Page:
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Mulberger v. People

Supreme Court of Colorado, En Banc

February 22, 2016

Samuel J. Mulberger, Petitioner
v.
The People of the State of Colorado, Respondent

Certiorari to the Colorado Court of Appeals. Court of Appeals Case No. 11CA482.

SYLLABUS

The supreme court holds that, under the plain language of the challenge for cause statute, § 16-10-103(1)(k), C.R.S. (2015), a " compensated employee of a public law enforcement agency" is a person who provides labor and services to, is paid bye, and receives direction from a public law enforcement agency. The potential juror in this case contracted with and received compensation from a private agency for work she performed as a nurse at a county jail. That potential juror therefore was not a " compensated employee" of the county jail because she was not paid by the county jail, and the record does not contain any evidence that she was subject to the jail personnel's direction and control. The trial court therefore did not err in denying defendant's challenge for cause. Because the trial court did not err, the supreme court does not address the issue concerning the proper remedy for a trial court's erroneous ruling on a challenge for cause.

Attorneys for Petitioner: Douglas K. Wilson, Public Defender, Kielly Dunn, Deputy Public Defender, Denver, Colorado.

Attorneys for Respondent: Cynthia H. Coffman, Attorney General, Joseph G. Michaels, Assistant Attorney General, Denver, Colorado.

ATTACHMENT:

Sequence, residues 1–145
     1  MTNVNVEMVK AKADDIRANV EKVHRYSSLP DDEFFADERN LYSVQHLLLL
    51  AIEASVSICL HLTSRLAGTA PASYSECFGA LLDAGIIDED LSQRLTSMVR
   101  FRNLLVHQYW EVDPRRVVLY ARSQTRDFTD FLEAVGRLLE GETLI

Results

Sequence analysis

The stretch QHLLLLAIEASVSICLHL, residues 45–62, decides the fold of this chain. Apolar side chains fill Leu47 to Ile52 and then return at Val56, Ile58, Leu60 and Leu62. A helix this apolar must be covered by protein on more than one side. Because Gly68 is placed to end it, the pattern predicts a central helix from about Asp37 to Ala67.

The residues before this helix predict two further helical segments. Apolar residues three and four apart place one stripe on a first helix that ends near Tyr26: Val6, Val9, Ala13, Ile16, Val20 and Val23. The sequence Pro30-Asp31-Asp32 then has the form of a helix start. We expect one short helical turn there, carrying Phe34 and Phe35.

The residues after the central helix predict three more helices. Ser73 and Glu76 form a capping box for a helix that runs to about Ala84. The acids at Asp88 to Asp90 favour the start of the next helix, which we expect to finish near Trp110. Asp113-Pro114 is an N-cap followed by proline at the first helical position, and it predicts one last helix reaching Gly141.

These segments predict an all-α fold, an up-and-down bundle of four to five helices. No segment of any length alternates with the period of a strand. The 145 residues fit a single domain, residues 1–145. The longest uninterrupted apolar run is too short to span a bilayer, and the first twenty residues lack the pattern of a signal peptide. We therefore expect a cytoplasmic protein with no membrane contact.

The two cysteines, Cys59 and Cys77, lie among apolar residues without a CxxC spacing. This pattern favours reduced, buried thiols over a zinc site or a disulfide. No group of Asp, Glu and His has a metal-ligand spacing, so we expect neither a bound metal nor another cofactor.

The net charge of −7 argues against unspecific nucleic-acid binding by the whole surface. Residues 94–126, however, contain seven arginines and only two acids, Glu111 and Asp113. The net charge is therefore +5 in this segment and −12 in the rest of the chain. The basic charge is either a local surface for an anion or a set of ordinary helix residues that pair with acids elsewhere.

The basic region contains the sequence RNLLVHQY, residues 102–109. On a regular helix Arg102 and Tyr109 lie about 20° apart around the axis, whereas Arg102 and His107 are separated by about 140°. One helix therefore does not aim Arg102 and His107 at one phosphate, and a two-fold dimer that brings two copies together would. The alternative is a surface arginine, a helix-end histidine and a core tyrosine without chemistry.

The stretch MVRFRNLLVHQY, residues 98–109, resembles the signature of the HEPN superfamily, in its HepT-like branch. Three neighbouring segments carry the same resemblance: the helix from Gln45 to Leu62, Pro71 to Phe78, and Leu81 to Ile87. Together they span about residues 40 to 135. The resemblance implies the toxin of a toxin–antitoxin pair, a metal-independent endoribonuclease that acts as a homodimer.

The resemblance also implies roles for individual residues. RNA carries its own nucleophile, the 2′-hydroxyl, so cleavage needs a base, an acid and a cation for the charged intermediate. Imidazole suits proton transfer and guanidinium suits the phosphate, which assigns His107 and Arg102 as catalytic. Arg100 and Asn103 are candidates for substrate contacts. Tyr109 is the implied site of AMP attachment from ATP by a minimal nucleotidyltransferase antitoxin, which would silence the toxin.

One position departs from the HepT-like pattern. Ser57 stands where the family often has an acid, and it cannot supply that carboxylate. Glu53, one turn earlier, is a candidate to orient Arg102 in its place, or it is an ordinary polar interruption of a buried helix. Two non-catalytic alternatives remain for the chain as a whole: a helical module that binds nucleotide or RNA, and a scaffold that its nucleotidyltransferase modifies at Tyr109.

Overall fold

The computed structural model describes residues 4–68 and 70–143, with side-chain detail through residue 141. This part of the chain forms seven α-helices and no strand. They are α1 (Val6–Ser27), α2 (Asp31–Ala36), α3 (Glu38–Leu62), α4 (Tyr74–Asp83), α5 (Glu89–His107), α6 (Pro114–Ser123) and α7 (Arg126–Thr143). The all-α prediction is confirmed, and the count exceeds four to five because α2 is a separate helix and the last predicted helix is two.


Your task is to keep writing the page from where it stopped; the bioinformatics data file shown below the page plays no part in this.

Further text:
JUSTICE GABRIEL concurs in the judgment, and JUSTICE HOOD joins in the concurrence in the judgment.

OPINION

BOATRIGHT, JUSTICE

Page 144

[¶1] This case requires us to interpret the statute that provides for challenges for cause to potential jurors in criminal cases. Specifically, we must determine the scope of the provision that directs trial courts to sustain a challenge to a potential juror who is a " compensated employee of a public law enforcement agency." § 16-10-103(1)(k), C.R.S. (2015). At his trial for four driving offenses, petitioner Samuel J. Mulberger brought such a challenge to a juror who worked as a nurse at the El Paso County Jail through a contractual arrangement with a private agency, and who received compensation for such work from the private agency. The trial court denied the challenge for cause, concluding that the potential juror was not a compensated employee of the jail. Mulberger then used a peremptory challenge to dismiss the potential juror and ultimately exhausted all of his challenges. At the conclusion of the trial, the jury found Mulberger guilty of all charges. The court of appeals affirmed the trial court's denial of the challenge for cause in a published opinion. People v. Mulberger, 2012 COA 149, ¶ 1, ___ P.3d ___. We subsequently granted certiorari on two issues relating to Mulberger's challenge for cause.[1] We now affirm.

[¶2] We hold that a " compensated employee of a public law enforcement agency," as used in section 16-10-103(1)(k), is a person who provides labor and services to, is paid by, and receives direction from a public law enforcement agency. In this case, the potential juror at issue provided labor to the El Paso County Jail, but she was not paid by the jail, nor does the record contain any evidence that she was subject to the jail personnel's direction and control. The potential juror therefore was not a " compensated employee" of the jail under section 16-10-103(1)(k), and the trial court did not err in denying Mulberger's